Sentimental city: Cox colors in the lines
In Casablanca, Rick memorably tells Ilsa, “We’ll always have Paris.” Painter Kendall Cox, similarly, will always have Vancouver. In her exhibition, “The City in Which I Love You,” on display at New Dominion Bookshop, Cox offers a 13-painting visual ode to the urban environment where she found love.
Whenever the heart gets spun around, suddenly it opens to the world in new ways, relishing small details and discovering poetry in the most unlikely places. Cox reflects this experience by combining acrylic paint, pencil, and watercolor crayon in semi-abstract compositions that are less objective representations of Vancouver than interpretations of how the city felt when she was in the throes of love.
Her cityscapes are people-less yet full of social connections. Using a distinctive dark palette predominated by blues, greens, and a deep red, Cox often layers block-like buildings or creates rows of houses, linked together by lines both real and imagined. Electrical cables, telephone wires, clotheslines– even a strand of Chinese lanterns– crisscross her work, while arch-like lines often rise from one chimney and descend into a neighboring one. In addition, ladders and staircases suggest ways for people to reach other, as birds perch together on wires or fly through the sky in communal flocks.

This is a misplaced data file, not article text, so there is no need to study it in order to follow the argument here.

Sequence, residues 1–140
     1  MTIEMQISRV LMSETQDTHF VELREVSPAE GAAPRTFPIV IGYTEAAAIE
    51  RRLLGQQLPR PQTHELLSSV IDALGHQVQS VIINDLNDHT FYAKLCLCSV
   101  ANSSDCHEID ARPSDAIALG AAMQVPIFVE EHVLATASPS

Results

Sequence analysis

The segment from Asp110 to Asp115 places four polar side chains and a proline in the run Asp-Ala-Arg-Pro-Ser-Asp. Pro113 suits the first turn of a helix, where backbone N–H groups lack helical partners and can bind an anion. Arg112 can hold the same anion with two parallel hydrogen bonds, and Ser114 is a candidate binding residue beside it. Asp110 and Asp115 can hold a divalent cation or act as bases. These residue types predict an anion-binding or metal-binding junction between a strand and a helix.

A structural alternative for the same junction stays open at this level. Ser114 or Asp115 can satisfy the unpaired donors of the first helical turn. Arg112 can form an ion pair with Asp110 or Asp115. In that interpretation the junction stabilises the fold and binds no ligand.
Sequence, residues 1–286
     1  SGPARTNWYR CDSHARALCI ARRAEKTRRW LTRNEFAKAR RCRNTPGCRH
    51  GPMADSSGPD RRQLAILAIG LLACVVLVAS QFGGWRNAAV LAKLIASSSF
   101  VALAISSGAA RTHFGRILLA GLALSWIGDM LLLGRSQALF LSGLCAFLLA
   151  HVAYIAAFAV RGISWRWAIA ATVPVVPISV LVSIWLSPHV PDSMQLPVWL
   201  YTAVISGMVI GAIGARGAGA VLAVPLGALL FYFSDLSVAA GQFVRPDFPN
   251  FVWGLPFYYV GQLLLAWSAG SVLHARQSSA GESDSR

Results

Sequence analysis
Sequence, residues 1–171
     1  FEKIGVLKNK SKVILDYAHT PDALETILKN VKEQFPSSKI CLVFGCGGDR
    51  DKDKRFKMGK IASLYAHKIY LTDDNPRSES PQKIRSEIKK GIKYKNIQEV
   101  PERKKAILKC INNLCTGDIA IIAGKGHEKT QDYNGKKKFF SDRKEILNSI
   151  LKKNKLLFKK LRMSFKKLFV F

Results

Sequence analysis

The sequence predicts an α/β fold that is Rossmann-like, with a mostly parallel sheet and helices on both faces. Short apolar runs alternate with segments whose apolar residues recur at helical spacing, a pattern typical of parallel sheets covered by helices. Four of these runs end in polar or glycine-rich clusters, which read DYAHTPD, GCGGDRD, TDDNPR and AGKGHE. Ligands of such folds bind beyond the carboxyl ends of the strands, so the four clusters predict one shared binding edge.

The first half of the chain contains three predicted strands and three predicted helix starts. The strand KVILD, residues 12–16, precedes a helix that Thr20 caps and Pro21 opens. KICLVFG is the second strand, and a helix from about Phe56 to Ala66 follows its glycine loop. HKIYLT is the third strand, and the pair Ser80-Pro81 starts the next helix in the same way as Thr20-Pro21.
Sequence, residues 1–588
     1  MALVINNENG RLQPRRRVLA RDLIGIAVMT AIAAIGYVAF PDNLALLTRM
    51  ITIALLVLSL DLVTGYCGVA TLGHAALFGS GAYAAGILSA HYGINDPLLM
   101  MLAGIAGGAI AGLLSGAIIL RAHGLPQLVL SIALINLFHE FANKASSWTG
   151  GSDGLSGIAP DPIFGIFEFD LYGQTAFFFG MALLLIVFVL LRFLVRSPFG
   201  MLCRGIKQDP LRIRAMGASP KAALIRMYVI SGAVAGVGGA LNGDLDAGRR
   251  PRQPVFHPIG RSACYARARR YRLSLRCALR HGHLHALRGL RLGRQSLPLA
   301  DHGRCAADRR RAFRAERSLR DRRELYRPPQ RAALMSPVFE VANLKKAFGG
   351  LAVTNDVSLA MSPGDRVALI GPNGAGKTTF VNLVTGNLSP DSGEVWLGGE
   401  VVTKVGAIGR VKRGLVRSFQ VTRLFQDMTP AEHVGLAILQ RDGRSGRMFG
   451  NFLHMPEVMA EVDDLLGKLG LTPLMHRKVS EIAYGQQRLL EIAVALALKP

Cox’s aesthetic recalls mid-20th century modernist paintings, echoing faintly Paul Klee and Charles Henry Alston. Although an urban grittiness grounds her paintings, they nevertheless seem playful and full of wonder, thanks to Cox’s experimentation with stroke and line– here pencil, there paint, here ruler-straight, there a scribble– and deft use of color. A salmon line down the side of a roof or a bit of lilac in a window keeps the eye engaged and moving.
In her artist’s statement, Cox notes she’s lifted most of her titles from poems that inspired the work. “The City in Which I Love You,” for instance, is the title of a poem and book by Li-Young Lee. To enlighten the viewer, Cox attaches excerpts from poems by twine to the lower left corners of several of her pieces.
For the small “One of Many Ways of Gray,” in which red-feathered ghosts of birds seem to light on and fly from a stretch of barbed wire, Cox offers a few nostalgic lines from a Catherine Mansfield poem that observes we inevitably leave something of ourselves behind when we leave a place.
Luckily, a bit of Cox remains in Vancouver.
Kendall Cox’s exhibition, “The City in Which I Love You,” is on view through May 31 in the Mezzanine Gallery of New Dominion Bookshop. 404 E. Main St. 295-2552.